Replying to LO25870 --
Peggy Stuart asks about:
> The relationship between initiative, innovation and risk. It seems to
>me that you cannot tap into the new ideas, etc. within your organization
>without your employees feeling free to take the initiative to bring them
>forward, experiment, etc., which is impacted by their own individual
>perceptions of risk. Again, does anyone have any thoughts or know of any
>research that has been done on this?
I have recently given a couple of presentations, in Lausanne and London,
closely related to this issue, specifically regarding "How to - and how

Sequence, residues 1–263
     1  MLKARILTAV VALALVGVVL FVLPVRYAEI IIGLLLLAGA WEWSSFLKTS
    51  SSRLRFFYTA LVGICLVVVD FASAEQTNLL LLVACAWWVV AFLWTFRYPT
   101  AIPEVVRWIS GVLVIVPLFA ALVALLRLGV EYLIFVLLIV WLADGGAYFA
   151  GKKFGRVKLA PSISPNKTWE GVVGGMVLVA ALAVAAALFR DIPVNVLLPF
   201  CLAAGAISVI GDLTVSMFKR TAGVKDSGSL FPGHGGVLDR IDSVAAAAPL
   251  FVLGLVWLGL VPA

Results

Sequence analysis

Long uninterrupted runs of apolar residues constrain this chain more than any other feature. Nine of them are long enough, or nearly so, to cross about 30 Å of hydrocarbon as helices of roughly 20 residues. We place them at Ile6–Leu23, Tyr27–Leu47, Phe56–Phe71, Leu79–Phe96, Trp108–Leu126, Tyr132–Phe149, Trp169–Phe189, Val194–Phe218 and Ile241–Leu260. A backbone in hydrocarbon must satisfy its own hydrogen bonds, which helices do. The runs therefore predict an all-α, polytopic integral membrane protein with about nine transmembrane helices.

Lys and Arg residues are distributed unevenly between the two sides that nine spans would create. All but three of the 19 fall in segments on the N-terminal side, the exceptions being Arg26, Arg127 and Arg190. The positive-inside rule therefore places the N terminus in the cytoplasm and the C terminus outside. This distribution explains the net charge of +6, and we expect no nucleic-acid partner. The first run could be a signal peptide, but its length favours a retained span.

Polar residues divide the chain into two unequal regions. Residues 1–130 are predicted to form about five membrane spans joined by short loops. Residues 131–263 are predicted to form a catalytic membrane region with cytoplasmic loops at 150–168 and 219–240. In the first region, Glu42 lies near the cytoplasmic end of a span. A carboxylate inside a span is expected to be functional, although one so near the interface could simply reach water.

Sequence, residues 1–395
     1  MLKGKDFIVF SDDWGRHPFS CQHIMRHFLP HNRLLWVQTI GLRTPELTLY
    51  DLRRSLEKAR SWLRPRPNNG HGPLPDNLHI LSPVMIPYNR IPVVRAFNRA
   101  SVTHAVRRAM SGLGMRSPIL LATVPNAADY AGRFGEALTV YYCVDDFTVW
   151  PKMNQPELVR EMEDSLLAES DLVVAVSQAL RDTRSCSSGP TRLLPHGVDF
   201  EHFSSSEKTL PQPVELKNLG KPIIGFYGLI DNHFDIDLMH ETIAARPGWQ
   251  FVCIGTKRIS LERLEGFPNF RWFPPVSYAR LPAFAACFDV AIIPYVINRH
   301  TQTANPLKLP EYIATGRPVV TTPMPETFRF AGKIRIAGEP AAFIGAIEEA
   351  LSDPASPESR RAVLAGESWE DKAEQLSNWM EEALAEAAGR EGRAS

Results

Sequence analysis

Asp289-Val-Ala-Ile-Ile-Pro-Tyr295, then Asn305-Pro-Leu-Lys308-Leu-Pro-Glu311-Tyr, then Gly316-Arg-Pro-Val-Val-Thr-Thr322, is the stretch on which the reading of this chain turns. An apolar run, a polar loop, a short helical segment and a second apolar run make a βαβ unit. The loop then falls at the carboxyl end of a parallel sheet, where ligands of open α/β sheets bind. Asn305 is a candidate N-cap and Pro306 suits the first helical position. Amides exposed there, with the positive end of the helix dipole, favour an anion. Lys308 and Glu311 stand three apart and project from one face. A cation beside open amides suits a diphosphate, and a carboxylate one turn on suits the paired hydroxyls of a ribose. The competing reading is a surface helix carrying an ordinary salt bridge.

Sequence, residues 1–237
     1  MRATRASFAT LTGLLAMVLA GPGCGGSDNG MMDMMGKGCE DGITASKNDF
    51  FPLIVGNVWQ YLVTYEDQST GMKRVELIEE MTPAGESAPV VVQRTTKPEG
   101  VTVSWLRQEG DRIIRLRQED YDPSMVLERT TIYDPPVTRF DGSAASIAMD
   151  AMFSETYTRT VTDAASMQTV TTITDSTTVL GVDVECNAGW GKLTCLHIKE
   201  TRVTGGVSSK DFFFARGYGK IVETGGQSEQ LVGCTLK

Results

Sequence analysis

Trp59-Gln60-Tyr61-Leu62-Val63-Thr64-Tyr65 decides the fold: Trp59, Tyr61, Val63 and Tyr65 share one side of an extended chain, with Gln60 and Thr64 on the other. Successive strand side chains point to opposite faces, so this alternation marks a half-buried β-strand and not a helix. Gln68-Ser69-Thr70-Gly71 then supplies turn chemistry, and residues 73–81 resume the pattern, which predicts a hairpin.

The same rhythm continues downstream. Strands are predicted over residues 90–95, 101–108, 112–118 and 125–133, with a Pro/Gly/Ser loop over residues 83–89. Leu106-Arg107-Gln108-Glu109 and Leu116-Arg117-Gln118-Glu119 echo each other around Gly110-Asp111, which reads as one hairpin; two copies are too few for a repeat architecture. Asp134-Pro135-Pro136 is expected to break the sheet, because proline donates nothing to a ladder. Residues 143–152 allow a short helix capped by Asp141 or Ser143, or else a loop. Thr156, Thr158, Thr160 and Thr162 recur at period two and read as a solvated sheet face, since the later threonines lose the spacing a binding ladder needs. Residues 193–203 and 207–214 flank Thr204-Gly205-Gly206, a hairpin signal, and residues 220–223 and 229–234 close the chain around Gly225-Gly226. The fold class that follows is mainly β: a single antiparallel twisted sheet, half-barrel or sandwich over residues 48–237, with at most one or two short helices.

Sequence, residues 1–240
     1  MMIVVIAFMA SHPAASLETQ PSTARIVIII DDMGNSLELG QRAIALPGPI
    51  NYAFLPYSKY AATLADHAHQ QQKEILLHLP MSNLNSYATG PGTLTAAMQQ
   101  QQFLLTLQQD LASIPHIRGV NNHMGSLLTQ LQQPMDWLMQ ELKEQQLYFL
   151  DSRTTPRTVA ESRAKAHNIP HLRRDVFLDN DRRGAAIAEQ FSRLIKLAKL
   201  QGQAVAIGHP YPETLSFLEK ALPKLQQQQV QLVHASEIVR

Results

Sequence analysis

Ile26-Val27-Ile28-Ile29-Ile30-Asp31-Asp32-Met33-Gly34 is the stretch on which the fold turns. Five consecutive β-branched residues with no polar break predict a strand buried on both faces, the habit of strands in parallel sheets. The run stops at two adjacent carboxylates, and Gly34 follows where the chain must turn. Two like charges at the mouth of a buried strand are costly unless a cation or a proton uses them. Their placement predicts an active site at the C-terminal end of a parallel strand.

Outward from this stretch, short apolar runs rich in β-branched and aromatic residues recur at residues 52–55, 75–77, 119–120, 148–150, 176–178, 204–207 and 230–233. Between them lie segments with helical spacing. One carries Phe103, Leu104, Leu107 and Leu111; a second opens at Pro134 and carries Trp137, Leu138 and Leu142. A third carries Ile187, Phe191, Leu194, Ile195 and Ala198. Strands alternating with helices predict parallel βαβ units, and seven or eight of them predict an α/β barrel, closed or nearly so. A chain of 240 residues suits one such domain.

not to - evaluate innovation. My key theme is that innovation, by
definition, involves exploring uncharted territory and engaging in risky
behaviour. Thus, by definition, most attempts at innovation must "fail".
Yet, just as venture capitalists only expect 1/10 of their investments to
"succeed", one should look for the small number of "successes", and what
can be learned both from the "successes" and from the "failures". I have a
fair size reference list.
The version of this paper that I presented in London in December can be
accessed at: www..mande.co.uk/documents/perrin.htm . I have, however, made
some revisions (and, hopefully, improvements) prior to submitting this
paper for publication, and I will finalise these this week. I would be
hapy to share this paper with whoever is interested.
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Burt Perrin <Burt_Perrin@compuserve.com>
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